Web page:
Animals

Saving the Amur tiger

By Dale Shaw

Once common in Siberia, it’s the biggest cat in the wild. But it also faces some enormous challenges. 

In the 1940s, the Amur tiger (Panthera altaica) was on the brink of extinction, with only about 40 thought to be alive. In 1947, the Soviet Union took action by bringing in anti-poaching controls, and established a network of protected zones.1 Today, around 500 of these mighty beasts exist, mainly in eastern Russia’s vast birch forests, or taiga, as well as Northeast China.2 Whilst this is a positive increase – and numbers have remained relatively stable in recent years – the species remains on the endangered list. So why is that the case? And what can be done to save them?

Amur tiger with bright green eyes faces camera in the snow
Built to survive the harsh conditions of the Russian winter, Amur tigers are larger than their counterparts, such as the Sumatran or the Bengal. © Picture by Tambako the Jaguar I Getty
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What makes the Amur tiger special? 

Previously named the Siberian tiger, it is now more commonly known by the name of the river on the border of Russia and China where it is mostly found: the Amur.3  

Built to survive the harsh conditions of the Russian winter, Amur tigers are larger than their counterparts, such as the Sumatran or the Bengal. To protect themselves against the freezing climate, their fur is thicker and longer. For even more insulation, they also boast a mane around their necks and extra fur on their paws. The distinctive orange fur we associate with tigers is less vivid in Amurs. During the winter months, its coat grows even lighter and its stripes thinner, to enhance their ability to camouflage amongst the trees.4

It may be an environment that’s far more challenging than those experienced by other tigers – nights can be as cold as -40°C! – but there are advantages to be had. 

The remoteness of the location gives them freedom to roam. Humans are few and far between here, which means less habitat is lost through invasive logging (although illegal logging remains an issue). These tigers are also solitary and only group together to mate5; they’re elusive and expertly camouflaged, so tracking them can be fiendishly difficult. Whilst this offers them some protection against poachers, it does make the job difficult for conservationists and tiger specialist scientists.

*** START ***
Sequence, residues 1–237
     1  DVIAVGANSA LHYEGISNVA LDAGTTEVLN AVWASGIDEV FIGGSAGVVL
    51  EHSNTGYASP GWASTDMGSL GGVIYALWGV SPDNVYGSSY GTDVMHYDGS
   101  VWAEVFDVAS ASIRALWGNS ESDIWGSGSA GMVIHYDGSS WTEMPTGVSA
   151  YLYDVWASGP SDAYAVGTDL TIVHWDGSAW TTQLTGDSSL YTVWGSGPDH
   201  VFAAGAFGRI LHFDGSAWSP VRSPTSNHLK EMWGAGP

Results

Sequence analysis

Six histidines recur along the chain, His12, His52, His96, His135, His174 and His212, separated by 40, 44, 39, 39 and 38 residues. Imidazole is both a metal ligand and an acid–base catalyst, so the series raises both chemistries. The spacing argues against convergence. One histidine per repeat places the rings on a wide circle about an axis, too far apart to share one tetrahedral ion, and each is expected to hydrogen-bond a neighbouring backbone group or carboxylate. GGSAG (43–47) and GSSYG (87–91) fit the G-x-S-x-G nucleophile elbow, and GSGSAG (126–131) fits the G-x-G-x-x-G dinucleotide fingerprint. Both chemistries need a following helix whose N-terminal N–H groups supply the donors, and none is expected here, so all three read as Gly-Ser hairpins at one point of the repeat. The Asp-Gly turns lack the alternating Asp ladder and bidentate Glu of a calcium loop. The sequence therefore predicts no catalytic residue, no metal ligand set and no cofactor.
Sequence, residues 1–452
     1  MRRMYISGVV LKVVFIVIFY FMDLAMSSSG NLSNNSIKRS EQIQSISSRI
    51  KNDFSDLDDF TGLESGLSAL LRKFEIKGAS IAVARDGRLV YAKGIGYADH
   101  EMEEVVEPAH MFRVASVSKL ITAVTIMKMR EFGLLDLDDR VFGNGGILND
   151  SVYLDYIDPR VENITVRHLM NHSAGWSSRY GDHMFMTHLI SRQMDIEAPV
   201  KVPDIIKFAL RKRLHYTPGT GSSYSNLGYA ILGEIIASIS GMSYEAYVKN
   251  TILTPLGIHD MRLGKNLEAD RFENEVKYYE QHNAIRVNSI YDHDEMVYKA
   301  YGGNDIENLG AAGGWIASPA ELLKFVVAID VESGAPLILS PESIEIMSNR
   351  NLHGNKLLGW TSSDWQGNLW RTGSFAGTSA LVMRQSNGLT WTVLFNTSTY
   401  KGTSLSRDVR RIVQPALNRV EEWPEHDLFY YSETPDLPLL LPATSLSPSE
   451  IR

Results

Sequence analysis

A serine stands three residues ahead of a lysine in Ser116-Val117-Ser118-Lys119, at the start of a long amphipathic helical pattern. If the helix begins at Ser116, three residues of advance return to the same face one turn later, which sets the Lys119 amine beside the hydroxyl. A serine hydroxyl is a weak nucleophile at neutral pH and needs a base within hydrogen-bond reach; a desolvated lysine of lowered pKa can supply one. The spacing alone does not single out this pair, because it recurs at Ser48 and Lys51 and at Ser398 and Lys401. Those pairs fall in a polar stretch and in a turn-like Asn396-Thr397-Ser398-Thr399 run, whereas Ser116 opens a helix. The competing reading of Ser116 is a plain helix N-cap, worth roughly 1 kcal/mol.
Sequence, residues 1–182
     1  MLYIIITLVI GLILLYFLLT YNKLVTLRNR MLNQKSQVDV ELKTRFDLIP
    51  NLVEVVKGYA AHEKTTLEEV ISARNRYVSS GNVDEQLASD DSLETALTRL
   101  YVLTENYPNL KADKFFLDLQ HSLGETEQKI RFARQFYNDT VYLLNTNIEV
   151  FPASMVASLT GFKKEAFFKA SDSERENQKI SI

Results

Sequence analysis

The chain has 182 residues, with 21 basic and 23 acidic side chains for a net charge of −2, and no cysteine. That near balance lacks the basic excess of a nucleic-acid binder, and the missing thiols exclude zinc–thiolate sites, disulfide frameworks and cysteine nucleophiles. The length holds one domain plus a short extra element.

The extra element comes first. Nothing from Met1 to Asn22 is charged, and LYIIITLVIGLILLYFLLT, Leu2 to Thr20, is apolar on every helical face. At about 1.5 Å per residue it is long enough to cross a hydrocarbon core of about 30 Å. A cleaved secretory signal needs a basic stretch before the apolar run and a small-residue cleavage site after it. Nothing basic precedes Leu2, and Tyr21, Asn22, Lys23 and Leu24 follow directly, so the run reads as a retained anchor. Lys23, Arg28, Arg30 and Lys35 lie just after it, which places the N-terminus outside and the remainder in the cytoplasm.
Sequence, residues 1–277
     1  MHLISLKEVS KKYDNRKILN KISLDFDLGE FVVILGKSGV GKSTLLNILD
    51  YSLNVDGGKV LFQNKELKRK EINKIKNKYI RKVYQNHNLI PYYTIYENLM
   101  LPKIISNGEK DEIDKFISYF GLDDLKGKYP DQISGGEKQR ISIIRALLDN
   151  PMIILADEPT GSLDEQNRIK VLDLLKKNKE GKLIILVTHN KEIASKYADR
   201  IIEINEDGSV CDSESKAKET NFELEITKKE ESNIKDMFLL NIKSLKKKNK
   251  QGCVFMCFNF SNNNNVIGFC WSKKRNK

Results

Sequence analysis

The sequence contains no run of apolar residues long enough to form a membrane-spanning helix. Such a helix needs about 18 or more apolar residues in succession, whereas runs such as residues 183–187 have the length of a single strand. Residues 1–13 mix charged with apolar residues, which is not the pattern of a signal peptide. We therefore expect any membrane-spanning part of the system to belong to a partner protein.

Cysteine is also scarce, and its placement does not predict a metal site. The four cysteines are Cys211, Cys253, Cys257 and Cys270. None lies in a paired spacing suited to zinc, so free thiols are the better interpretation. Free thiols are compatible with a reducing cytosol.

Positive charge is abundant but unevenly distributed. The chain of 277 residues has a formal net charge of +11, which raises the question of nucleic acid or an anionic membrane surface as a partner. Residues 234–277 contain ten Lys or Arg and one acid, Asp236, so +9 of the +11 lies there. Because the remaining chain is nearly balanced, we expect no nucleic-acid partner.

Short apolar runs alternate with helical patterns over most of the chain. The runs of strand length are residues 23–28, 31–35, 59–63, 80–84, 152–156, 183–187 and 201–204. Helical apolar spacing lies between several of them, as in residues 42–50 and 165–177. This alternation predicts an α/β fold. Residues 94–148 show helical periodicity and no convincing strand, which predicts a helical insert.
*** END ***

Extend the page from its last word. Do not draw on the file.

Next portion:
Amur tiger walks in the snow
Amur tigers are elusive and expertly camouflaged, so tracking them can be fiendishly difficult. © Mark Newman I Getty

What threatens the species? 

According to one conservation group, at least 80% of Amur tiger mortality is down to humans.6 Despite conservation efforts and the strict hunting ban, animals are still killed for trophies. Their huge size makes them highly prized by hunters.

As well as the tigers themselves being hunted, the animals they usually prey upon – such as wild deer and boar – are also being poached. With their food sources reduced, female tigers are forced to look for alternative sustenance for the family, often resorting to hunting livestock and domestic pets. This closer proximity to humans puts them at risk of being killed in retaliation, as well as making them even more vulnerable to poaching.

As the cubs rely on their mothers for up to two years, the loss of one adult female can lead to the death of many more tigers.

But why are these creatures so attractive to poachers? 

Once trapped, a tiger will be butchered, with the required parts smuggled across the Russian border into China for use in traditional medicines. Ailments as diverse as rheumatism, typhoid, malaria, dysentery, and rat bites are treated with parts of the tiger’s body. Even its whiskers are used: they’re worn as talismans, or protective charms.

Amur tiger sits atop a rock
According to one conservation group, at least 80% of Amur tiger mortality is down to humans. © Picture by Tambako the Jaguar I Getty

What's being done to help?

According to conservation group 'The Amur Tiger Centre', up to 70 tigers per annum were poached a decade ago. In recent years, concerted protection efforts have reduced the number to around 20.8 This group – and other conservation teams – patrol the tiger’s territory in armoured vehicles, seeking out poachers. The law in Russia has also been strengthened with tougher punishments for poachers and illegal loggers.9

Technology is playing its part, too. Infrared cameras can detect an animal and AI is used to determine its species, size and weight. That data is then stored for future study. Determining the population dispersal of the tigers can help to accurately identify their habitat and so protect them accordingly.10 

Though the remoteness of Siberia keeps most humans at bay, increased industry and population growth has led to more roads being built through the tiger’s habitat.11 In response, eco-corridors have been established, connecting different tiger territories and allowing these solitary animals to move easily between them.12 And in one location, a half-kilometre-long “Tiger Tunnel” has been constructed, so they can safely traverse a road that cuts through their territory.13

There may well be a happy ending to the tale of the Amur tiger. Thanks to intense conservation efforts, technological advances, and increased awareness, the number of wild tigers in some areas of the world does seem to be rising. Russia is one example of this.14 It’s still early days, but the planet’s biggest cat in the wild might just be making a big comeback.

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